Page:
How best for Mr. Obasanjo to gather proof of Babangida's alleged corruption? First, let us underline how not to go about it. The president must jettison the habit of asking the habitues of "coffee shops and market places" to do this job. In case the president no longer remembered,  Nigerians and the international community should remind him that he has competent intelligence apparati at his behest. All he need do is charge a complement of intelligence officers from the State Security Service (SSS) and the Directorate of Military Intelligence (DMI) to get cracking on the task.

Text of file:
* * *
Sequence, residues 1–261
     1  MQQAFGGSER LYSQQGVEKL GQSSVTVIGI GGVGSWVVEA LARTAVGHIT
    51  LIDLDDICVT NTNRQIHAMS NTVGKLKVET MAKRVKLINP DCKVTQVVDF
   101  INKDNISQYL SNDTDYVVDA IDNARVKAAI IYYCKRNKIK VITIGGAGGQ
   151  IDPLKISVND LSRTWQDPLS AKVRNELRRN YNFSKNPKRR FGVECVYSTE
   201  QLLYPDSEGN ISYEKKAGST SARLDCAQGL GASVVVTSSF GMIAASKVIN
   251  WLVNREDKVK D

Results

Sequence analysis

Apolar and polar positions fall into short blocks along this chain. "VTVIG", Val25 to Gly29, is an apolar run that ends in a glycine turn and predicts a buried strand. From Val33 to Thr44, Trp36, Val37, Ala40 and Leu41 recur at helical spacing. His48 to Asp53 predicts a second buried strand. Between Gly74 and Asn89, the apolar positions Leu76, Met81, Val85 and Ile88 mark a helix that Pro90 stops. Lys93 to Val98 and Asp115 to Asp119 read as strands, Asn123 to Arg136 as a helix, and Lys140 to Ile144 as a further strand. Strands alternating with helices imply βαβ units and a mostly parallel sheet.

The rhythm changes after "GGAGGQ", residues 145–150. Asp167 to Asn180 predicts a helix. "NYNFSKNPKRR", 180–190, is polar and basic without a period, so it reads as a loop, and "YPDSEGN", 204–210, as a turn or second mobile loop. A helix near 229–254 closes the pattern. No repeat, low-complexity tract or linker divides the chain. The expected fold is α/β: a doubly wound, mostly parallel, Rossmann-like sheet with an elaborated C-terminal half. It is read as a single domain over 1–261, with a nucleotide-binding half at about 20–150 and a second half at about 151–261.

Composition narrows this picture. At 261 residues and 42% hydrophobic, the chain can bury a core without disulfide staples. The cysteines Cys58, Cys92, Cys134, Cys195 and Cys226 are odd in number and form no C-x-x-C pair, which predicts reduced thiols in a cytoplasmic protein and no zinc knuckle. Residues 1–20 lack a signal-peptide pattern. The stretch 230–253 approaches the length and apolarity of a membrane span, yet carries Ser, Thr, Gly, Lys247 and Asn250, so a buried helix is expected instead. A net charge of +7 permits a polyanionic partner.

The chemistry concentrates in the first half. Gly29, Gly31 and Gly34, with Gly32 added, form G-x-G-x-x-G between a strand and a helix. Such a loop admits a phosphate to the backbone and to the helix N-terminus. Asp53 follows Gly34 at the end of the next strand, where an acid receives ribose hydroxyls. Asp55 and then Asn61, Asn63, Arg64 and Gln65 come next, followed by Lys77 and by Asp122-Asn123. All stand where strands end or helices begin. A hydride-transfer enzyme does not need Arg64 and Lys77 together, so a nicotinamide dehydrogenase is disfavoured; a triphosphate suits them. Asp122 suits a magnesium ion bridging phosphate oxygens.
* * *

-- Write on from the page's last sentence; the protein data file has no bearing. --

There is an even shorter route the president might ply, if he chooses. There is a report written by the late Pius Okigbo, a man of impeccable integrity, questioning the accounting for billions of dollars in oil revenues that accrued to Nigeria as a consequence of a spike in demand and prices during the first Gulf War. If he hasn't done so, the president should read that report, or at the very least call for an executive summary of its pertinent findings. There is also the report of the Oputa Commission on Human Rights Violations, a panel commissioned by Mr. Obasanjo. Interestingly, the president told his audience in Scotland how General Babangida had used the courts to scuttle the report's publication. One assumes that the president has read it. Certainly, many Nigerian and foreign frequenters of coffee shops and market places have looked at it, thanks to the accessibility and reach of the Internet. Those conversant with the report's unflattering indictment of Babangida are aghast whenever they hear Obasanjo wondering where the "proof" was against Babangida.